There is financial value in the carbon inside the world’s forests, and some countries announced on Wednesday a new commitment to investing in that value to lower greenhouse gas emissions.
The United States, the United Kingdom, and Norway said Wednesday they would allocate $280 million altogether to a new initiative aimed at slowing deforestation. While there remained confusion and disagreement over how the U.N. disperses forest funding, this fund would be administered by the World Bank’s BioCarbon Fund and help implement REDD+, which is an international effort to reduce emissions from deforestation and forest degradation. REDD provides financial incentives to developing countries for reducing greenhouse gas emissions from deforestation, while REDD+ expands that to a promotion of conservation and sustainable forest management in general.
The U.S. committed $25 million, Norway up to $135 million, and the U.K. $120 million in the first year of the initiative, but additional partners are expected to join them. Secretary of State John Kerry told representatives gathered in Warsaw via video that the he was “proud to announce today that the United States is a founding partner in the new Initiative for Sustainable Forest Landscapes.”
Working with Congress and together with the United Kingdom and Norway, we plan to provide more than $250 million to launch the initiative and this will be one of the single largest investments that the U.S. Department of State has made in forests.
The American contribution will be through the Tropical Forest Alliance 2020 initiative. This public-private alliance is devoted to reducing deforestation, mainly through conservation planning assistance, sharing best practices of farming that promotes sustainable harvesting, and improving how deforestation is monitored.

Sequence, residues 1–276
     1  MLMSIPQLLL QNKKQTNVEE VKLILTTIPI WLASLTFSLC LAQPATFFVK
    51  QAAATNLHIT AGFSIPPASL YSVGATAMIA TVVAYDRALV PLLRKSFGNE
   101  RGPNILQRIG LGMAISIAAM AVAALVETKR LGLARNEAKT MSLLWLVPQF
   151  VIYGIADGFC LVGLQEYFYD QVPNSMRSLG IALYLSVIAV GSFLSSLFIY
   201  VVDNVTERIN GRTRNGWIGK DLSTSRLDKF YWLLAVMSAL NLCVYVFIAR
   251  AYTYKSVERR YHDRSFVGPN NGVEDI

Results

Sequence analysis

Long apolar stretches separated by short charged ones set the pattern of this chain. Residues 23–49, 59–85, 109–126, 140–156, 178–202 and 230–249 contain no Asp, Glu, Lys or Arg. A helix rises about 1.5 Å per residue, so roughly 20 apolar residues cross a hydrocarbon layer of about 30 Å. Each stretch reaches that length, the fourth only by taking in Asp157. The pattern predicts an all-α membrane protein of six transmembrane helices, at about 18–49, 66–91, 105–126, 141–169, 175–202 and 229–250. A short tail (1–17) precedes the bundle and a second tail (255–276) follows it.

Deforestation is responsible for between one-fifth and one-third of global greenhouse gas emissions every year, and each year, an area about the size of Costa Rica is lost — 13 million square hectares. The trend of aforestation or deforestation depends on the country. Forest losses in Brazil, for example, jumped 28 percent from 2012 to 2013, after four years of declining forest-clearing in a row. Indonesia’s deforestation rate doubled over the course of the last decade, however, with the island of Sumatra seeing serious tree loss.
A study published last week in the journal Science used Landsat data from the U.S. Geological Survey to track gains and losses in global forest cover from 2000 to 2012. This is the first study to examine gains and losses in such detail, with one pixel representing a 30 meter square of land — essentially a baseball diamond. 888,034 square miles were lost during the period, three times more than the gains.
Take a look around this Google Earth Engine map to see losses (in red), gains (in blue), and areas of loss and gain (in purple).
Note the purple swathes across the Southeastern U.S., where tree farming is prevalent. But mainly, the green areas of the world are receding, which is bad if the world is going to take advantage of the cheapest and most beneficial carbon sinks on the planet. Half of a tree’s dry weight is carbon.